Amelia Earhart (no website available)
The first woman to fly solo across the Atlantic.
The first woman to fly solo across the Atlantic, Amelia Earhart was America's "Lady Lindy." What the public didn't know was the cost of her courage. The record-breaking flights, races, interviews, speeches and promotional commitments pushed her to the point of exhaustion. This beautiful, accomplished woman would disappear without a trace on the eve of her 40th birthday.
Daughter from Danang
The dramatic story of a Vietnamese mother, her Amerasian daughter, and their reunion 22 years after the Vietnam War.
In 1975, with the end of the war in Vietnam imminent, Mai Thi Kim, a poor, young Vietnamese woman, sent her seven-year-old daughter to America as part of a controversial evacuation program known as Operation Babylift. The parting was devastating to both mother and child, but Kim believed her Amerasian daughter -- the product of a brief love affair with an American Navy officer -- would be in danger in Vietnam. The little girl was adopted by a single woman, renamed Heidi and brought up in Tennessee, where she concealed her Asian past and became "101%" American.Twenty-two years later, Heidi tracks down her birth mother and visits Danang. The reunion that had raised so many hopes and expectations for Heidi and Kim quickly becomes rife with tension and misunderstanding as the cultural gulf between Heidi and her Vietnamese family grows larger and larger.
The story of a brilliant Russian immigrant, a radical who became "the most dangerous woman in America."
On a cold December morning in 1919, just after midnight, Emma Goldman, her comrade Alexander Berkman, and more than 200 other foreign-born radicals were roused from their Ellis Island dormitory beds to begin their journey out of the United States for good. Convicted of obstructing the draft during World War I, Goldman was deported 34 years after she had first set foot in America, a young, brilliant Russian immigrant. For more than three decades, she taunted mainstream America with her outspoken attacks on government, big business and war. Goldman's passionate espousal of radical causes made her the target of persecution. Her sympathy for Leon Czolgosz, the assassin of President McKinley, brought down upon her the hatred of the authorities and the public at large. Feared as a sponsor of anarchy and revolution, she was vilified in the press as "Red Emma," "Queen of the Anarchists," and "the most dangerous woman in America."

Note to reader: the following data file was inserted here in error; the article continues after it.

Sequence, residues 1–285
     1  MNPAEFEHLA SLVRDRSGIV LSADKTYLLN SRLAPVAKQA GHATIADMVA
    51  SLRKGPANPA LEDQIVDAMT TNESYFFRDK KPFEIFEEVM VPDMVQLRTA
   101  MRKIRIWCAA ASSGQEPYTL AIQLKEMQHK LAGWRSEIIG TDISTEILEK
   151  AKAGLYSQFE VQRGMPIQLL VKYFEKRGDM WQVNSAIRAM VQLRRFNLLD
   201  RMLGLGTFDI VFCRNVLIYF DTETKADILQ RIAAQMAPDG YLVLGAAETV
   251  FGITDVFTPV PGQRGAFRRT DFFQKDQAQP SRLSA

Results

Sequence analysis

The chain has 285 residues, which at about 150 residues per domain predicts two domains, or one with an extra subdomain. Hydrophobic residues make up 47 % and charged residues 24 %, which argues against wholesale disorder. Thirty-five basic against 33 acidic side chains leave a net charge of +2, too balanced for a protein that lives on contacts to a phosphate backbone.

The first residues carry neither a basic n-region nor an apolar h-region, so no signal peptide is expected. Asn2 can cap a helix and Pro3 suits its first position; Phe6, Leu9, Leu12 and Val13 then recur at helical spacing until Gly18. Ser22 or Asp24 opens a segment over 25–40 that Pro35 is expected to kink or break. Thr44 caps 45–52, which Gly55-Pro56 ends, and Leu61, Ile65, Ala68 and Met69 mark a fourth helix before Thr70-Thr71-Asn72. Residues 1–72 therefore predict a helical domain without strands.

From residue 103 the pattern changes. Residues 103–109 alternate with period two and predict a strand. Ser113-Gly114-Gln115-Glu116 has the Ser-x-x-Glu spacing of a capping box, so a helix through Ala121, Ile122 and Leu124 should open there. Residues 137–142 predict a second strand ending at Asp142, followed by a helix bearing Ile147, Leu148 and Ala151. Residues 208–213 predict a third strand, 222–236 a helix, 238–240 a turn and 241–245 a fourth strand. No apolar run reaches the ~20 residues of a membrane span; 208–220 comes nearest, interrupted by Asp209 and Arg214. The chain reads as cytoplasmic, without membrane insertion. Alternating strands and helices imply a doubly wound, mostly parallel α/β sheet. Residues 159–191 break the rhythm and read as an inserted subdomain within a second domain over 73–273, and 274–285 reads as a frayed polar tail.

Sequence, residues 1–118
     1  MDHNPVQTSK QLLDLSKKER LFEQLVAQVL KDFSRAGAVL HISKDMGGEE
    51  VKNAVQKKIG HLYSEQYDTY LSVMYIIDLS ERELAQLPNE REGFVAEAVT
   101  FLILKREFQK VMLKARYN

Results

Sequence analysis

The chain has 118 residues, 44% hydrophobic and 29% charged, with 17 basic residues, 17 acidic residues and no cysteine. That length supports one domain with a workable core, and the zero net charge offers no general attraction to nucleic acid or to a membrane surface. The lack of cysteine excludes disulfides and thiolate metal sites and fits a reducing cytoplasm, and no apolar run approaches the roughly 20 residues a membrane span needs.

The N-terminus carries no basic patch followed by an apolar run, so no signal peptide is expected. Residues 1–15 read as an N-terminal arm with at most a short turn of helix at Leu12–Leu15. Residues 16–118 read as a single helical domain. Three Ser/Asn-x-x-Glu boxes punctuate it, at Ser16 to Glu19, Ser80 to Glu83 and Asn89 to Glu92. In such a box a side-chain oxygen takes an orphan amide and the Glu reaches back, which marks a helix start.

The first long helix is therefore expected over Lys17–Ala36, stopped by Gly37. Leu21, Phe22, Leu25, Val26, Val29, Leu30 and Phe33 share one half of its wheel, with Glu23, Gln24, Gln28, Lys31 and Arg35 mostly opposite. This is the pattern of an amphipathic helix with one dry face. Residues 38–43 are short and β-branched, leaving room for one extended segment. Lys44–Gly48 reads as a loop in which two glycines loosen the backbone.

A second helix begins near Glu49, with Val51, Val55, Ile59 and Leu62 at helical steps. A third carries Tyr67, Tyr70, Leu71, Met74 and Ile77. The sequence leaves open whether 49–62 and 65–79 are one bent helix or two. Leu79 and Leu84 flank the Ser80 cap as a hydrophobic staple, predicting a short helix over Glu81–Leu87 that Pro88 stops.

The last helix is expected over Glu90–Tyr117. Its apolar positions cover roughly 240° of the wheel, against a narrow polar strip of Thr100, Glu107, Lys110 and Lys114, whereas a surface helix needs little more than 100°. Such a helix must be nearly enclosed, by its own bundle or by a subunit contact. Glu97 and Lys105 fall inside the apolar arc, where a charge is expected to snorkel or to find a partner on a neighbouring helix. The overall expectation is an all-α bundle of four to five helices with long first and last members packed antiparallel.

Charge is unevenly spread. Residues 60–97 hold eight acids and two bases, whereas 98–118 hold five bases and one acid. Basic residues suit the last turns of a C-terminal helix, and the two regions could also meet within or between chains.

Eudora Welty -- One Writer's Beginnings (no website available)
A writer's Southern childhood and the development of her art.
Pulitzer Prize-winning writer Eudora Welty narrates the story of her own Southern childhood and early artistic development in Jackson, Mississippi. Based on her best-selling book of the same title.
Hearts and Hands (no website available)
Quilting and the intimate clues it yields about the lives of 19th century women.
The design and art of quilting yields intimate clues about the lives of 19th century women, who stitched their personal and political stories into these artifacts of history.
Ida B. Wells -- A Passion for Justice (no website available)
The life of the legendary former slave and crusading journalist.
Born into slavery, she became a journalist and newspaper owner in Memphis, and was radicalized following the lynching of three friends. Her crusade against lynching led to death threats, but she bravely continued for the rest of her life to call for an end to sexism and racism.
Indians, Outlaws, and Angie Debo (no website available)